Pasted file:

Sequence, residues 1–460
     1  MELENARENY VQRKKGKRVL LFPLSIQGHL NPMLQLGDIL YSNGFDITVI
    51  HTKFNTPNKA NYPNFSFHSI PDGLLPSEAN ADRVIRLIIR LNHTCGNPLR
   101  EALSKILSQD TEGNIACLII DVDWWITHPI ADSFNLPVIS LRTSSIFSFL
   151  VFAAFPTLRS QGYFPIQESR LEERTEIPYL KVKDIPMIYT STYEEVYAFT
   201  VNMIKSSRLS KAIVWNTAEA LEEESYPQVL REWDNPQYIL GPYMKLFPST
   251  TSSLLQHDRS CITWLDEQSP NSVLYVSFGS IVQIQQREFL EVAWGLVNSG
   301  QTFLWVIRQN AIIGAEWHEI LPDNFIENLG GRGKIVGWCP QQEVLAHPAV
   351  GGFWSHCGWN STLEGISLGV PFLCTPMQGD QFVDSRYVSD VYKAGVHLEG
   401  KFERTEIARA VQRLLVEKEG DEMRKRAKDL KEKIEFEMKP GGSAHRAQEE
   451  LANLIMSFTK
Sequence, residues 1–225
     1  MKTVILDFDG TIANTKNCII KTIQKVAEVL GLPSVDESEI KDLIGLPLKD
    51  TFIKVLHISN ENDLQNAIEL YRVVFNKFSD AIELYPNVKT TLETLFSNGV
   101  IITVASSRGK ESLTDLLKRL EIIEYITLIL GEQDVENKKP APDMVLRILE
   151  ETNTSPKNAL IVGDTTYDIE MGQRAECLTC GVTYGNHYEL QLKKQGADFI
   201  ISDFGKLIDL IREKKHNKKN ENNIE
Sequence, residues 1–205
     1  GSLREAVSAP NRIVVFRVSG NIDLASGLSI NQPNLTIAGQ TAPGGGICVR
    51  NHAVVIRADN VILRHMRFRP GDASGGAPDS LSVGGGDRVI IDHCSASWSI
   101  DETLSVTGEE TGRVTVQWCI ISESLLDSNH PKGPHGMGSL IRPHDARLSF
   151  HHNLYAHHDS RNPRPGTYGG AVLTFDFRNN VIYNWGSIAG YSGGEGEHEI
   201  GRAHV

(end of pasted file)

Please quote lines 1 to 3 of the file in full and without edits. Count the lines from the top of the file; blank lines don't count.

Sequence, residues 1–460
     1  MELENARENY VQRKKGKRVL LFPLSIQGHL NPMLQLGDIL YSNGFDITVI
    51  HTKFNTPNKA NYPNFSFHSI PDGLLPSEAN ADRVIRLIIR LNHTCGNPLR